A Market-Based Approach to Regulatory Reform

Article excerpt

Regulatory requirements and prohibitions impose significant, although sometimes unintended, taxes on the business of banking. As with all business taxes, the true burden is shared jointly by investors in the form of reduced market valuations of their investment, by employees in the form of lower real wages, and by customers-in this case, in the form of higher interest paid on loans and lower interest received on savings.

Whatever natural comparative advantage depository institutions have in delivering intermediary services is diminished under the weight of these taxes, and businesses and households suffer a reduced menu of financial services. Indeed, the entire economy is harmed to the extent that regulation reduces the efficiency of the financial system and therefore the real growth potential of the economy. Even when regulation is appropriate, its form may matter a great deal.

This Economic Commentary outlines a proposal to modify the current regulatory system, with little or no new legislation. This proposal represents an important move in the direction of supplanting and complementing official regulation with market-based regulatory discipline, thereby making greater use of market forces to achieve legitimate regulatory goals (such as the safety and soundness of the financial system) while reducing compliance costs. Harnessing market forces for regulatory purposes will reduce costs because markets are much more efficient than regulators in successfully modifying banks' behavior.

This modest program for regulatory reform can be readily implemented without any material changes to existing law. Like the more sweeping proposals for reform that have been offered of late, it provides incentives for every bank to become better managed and better capitalized.(1) It does so by creating a process for reducing the cost of complying with bank regulation both directly, because well-managed and well-capitalized banks would pay lower deposit insurance premiums and receive preferential regulatory treatment, and indirectly, because the need for regulation would be reduced by a decline in the risk to the Bank Insurance Fund and to taxpayers. Unlike other market-based reform proposals, the plan does not rely on statutory reductions in deposit insurance coverage to provide banks with incentives to increase their capital and to limit loss exposure. It is also not an alternative to fundamental reforms to the financial safety net and bank regulation. Instead, the plan represents an intermediate step toward the implementation of a true market-based system of bank regulation that might be set in force immediately.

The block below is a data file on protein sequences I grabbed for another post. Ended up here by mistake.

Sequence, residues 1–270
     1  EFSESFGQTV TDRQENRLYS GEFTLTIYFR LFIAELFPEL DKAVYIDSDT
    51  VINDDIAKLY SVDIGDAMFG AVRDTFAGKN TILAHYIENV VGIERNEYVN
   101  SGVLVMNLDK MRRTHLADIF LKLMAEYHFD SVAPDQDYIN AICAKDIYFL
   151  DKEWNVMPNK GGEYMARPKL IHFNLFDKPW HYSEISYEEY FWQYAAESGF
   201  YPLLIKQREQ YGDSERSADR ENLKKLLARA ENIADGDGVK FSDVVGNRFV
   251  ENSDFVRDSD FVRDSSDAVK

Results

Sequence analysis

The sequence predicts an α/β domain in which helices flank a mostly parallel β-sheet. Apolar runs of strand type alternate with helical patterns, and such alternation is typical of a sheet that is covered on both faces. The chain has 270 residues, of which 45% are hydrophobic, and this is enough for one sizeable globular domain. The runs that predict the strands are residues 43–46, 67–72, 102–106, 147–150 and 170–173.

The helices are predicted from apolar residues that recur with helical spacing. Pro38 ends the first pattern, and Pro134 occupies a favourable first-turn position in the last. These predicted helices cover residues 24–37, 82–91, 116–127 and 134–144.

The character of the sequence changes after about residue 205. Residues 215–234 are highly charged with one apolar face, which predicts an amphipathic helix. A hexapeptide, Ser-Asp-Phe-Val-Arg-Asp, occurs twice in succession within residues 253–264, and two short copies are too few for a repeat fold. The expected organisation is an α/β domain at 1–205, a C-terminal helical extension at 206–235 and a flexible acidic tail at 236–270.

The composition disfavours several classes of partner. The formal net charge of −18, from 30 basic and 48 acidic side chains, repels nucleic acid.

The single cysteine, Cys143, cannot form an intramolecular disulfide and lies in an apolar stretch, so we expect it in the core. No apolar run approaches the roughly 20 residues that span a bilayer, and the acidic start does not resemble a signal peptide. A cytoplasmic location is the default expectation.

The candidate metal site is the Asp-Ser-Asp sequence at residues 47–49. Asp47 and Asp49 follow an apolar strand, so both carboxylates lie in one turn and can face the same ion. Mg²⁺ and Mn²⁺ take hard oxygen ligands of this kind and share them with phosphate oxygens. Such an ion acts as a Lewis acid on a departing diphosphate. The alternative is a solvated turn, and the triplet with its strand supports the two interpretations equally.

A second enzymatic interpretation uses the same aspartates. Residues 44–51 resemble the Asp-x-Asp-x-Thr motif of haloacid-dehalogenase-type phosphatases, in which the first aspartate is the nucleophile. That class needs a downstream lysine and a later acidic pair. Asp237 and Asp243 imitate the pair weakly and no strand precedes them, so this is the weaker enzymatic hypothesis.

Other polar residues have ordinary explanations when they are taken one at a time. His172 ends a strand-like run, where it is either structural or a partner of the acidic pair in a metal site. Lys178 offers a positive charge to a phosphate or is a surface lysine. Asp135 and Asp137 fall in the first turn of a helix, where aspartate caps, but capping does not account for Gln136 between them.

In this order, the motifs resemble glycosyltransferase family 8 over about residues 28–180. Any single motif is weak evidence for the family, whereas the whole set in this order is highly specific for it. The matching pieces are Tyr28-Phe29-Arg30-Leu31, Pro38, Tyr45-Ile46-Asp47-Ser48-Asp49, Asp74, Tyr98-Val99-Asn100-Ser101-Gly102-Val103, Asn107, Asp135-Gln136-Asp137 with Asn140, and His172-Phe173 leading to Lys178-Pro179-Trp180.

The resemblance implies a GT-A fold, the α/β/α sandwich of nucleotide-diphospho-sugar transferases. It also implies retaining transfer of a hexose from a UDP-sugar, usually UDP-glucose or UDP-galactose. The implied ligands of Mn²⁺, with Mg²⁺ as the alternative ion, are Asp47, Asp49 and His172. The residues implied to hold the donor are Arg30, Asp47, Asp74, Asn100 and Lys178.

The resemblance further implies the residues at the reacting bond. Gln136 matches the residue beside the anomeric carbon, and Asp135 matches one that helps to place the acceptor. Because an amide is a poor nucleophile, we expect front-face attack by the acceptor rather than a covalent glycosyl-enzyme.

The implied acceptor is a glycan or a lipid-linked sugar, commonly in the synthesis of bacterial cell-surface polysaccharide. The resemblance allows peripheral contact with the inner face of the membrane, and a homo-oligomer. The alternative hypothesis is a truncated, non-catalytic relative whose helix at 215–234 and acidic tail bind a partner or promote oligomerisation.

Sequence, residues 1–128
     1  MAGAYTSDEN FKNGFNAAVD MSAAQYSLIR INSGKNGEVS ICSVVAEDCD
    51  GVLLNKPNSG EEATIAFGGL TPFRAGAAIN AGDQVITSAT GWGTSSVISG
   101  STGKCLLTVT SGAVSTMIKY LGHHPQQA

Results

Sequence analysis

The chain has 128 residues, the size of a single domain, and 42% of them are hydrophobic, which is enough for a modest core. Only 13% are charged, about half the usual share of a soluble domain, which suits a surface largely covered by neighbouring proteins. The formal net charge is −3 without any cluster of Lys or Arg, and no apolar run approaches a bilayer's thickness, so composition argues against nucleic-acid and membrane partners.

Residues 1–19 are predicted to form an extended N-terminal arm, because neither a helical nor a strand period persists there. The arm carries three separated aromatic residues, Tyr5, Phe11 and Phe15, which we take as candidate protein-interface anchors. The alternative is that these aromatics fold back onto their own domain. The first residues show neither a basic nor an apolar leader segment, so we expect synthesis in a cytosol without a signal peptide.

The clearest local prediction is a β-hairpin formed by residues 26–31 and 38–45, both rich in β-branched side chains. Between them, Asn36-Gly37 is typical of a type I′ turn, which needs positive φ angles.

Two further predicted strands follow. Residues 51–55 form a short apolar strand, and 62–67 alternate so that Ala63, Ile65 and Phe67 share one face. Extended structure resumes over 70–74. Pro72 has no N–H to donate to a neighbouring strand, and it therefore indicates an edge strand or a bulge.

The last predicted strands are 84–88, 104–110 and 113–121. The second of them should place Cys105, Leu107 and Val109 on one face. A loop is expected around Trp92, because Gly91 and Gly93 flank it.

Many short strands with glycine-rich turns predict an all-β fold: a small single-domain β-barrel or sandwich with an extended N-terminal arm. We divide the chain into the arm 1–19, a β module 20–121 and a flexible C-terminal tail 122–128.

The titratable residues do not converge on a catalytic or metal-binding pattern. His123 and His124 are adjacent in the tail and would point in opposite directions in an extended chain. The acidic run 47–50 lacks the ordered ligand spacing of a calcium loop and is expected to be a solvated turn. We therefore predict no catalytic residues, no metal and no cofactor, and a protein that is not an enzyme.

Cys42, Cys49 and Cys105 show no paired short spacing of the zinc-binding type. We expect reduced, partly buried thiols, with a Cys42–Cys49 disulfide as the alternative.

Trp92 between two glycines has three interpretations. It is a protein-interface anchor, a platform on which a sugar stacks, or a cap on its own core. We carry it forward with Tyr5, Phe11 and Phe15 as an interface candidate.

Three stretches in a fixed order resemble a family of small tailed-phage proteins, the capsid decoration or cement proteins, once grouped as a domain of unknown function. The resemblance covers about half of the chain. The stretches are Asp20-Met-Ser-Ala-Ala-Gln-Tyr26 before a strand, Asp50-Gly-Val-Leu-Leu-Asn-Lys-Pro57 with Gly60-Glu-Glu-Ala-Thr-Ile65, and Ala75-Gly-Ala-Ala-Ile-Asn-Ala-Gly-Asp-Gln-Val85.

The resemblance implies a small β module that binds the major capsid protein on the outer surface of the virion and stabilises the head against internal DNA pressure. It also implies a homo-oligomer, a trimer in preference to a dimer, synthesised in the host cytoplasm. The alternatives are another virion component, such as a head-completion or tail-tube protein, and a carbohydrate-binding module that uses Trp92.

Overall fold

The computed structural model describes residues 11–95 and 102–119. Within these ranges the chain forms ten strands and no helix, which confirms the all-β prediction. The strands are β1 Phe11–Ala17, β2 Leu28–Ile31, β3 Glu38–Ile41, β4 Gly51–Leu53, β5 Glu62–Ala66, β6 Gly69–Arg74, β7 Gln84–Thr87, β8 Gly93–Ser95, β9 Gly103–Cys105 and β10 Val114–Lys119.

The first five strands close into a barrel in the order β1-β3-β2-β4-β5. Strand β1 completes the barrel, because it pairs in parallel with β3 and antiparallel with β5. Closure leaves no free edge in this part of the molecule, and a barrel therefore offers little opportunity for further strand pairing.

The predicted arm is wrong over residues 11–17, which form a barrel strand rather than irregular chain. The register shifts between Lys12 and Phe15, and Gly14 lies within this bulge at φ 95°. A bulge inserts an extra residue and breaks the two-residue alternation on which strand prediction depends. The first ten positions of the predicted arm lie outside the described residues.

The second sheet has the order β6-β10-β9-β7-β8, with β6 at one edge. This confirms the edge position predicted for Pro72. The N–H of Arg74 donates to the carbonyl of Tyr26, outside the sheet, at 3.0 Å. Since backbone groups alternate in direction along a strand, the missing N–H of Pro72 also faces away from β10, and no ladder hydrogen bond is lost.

Within that limited scope, this proposal will move the bank regulatory system closer to the Securities and Exchange Commission's (SEC) information and disclosure approach to supervision, which I believe is more efficient than the permission, denial, and directive approach to regulation that is now the norm in banking.


Complying with regulatory requirements and prohibitions entails both explicit and implicit costs. Explicit costs include the resources used to comply with the regulations, such as hiring additional employees to process associated paperwork. The implicit costs imposed by regulatory prohibitions include the forgone opportunities from diverting resources into less efficient activities. Both of these regulatory costs can be significant, but are often overlooked in the heat concern about bank safety. Indeed, it sometimes appears that there is now zero tolerance for losses to the Bank Insurance Fund, rather than a sense that the costs of incurring these losses should be weighed against those of avoiding them.

The costs of regulation are extremely difficult to estimate. Nevertheless, various studies have estimated that the explicit costs of regulatory requirements range from 6 to 14 percent of commercial banks' non-interest expense.(2) Banks' non-interest expense was $130. …